New parameter aims to improve visual field sensitivity testing

September 9, 2014

Point-wise visual field sensitivity analysis can be improved by incorporating an overall visit effect into the data analysis, according to a study by researchers from the Rotterdam Eye Institute.

Rotterdam, Netherlands-Point-wise visual field sensitivity analysis can be improved by incorporating an overall visit effect into the data analysis, according to a study by researchers from the Rotterdam Eye Institute.

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Designated as the Global Visit Effects (GVE), this new parameter aims to incorporate both measurable factors-such as season, time of day, and reliability indices-and unknown transient factors, such as fatigue, lack of concentration, or delayed reaction time, said Susan R. Bryan, MSc, researcher and PhD candidate, The Rotterdam Ophthalmic Institute, The Netherlands.

“One of the difficulties in modeling visual field data is the large measurement variability, partially due to the subjective nature of the device,” Bryan said. “Random measurement errors that are present in the point-wise sensitivity estimates are reduced when calculating summary parameters such as the mean deviation. Other errors, however, are spatially correlated and affect the whole visual field.”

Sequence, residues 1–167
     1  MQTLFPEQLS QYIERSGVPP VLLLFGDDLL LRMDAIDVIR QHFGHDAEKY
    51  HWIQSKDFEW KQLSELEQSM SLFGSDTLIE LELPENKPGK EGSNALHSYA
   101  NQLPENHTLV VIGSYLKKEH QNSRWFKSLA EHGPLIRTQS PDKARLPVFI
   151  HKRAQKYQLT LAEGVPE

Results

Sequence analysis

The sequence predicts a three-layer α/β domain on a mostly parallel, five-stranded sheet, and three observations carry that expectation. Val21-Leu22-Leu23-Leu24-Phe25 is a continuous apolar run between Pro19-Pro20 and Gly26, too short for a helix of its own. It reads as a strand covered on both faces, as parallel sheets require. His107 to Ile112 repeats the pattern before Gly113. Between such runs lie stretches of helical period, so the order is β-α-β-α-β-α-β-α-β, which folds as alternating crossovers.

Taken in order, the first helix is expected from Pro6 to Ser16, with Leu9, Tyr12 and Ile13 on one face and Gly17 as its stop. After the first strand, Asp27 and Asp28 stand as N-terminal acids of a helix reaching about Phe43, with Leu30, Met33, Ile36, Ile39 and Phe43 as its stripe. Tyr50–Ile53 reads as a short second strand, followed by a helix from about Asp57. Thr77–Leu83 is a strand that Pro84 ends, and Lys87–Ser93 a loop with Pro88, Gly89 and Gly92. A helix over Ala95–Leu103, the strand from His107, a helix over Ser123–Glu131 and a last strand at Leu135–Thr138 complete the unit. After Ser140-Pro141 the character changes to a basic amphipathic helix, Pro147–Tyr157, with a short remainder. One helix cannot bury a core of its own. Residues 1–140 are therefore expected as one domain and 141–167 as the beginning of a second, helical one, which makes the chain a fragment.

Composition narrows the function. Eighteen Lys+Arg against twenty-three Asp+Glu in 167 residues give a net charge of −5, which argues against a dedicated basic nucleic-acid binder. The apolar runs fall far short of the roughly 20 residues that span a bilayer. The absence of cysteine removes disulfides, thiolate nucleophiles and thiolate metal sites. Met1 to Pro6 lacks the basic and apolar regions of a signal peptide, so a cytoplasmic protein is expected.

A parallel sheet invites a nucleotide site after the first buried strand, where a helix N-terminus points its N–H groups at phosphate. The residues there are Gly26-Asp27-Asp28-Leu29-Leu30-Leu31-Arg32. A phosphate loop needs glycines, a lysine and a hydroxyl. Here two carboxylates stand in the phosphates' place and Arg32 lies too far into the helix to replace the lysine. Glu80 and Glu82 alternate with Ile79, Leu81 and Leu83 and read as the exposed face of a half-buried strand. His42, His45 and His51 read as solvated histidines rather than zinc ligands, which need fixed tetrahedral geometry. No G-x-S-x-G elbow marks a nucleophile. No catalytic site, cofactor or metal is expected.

The GVE contribution was investigated in a study using data from 50 patients with primary glaucoma who underwent 24-2 full threshold testing.

The analyses included sensitivity estimates in 52 locations in both eyes and used a hierarchical, Bayesian, mixed-effects model with four levels: individual, eye, hemisphere and location.

 

When comparing the observed data and the posterior predicted values for the models, it was determined that the GVE significantly improved the model fit, and mean absolute error was 1.94 dB with the GVE and 2.14 dB without it, Bryan explained.

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Moreover, the magnitude of the GVE effect, 0.82 dB, was much larger than that of any other measurable factor known to affect visual field testing, including season, time of day, percentage of fixation losses, percentage of false positives, and percentage of false negatives, and was 3-fold larger than that of all the measurable factors combined.

“Measurable factors-such as season, time of day and reliability indices-represent one group of such errors and have been evaluated before,” Bryan said. “Although these factors are statistically significant, as our study showed, they are rather small, and as such cannot explain the observed global variation in visual fields.

“Our findings confirm our hypothesis that other transient factors modeled as a global visit effects play a more important role, and showed that by incorporating the GVE in our models, better estimates of the real evolution in visual field data over time may be obtained,” she continued.

In addition, Bryan said including the GVE changes the estimation of the rate of visual field progression, and also affects the projected future visual field sensitivities, and may therefore have an impact on treatment.

 

For now, clinicians should be aware that even if a new measurement is outside the range of previous measurements, it might just be due to the GVE rather than actual progression, Bryan commented.

“Additional visual fields or other clinical sources of information should be used to confirm the change,” she recommended.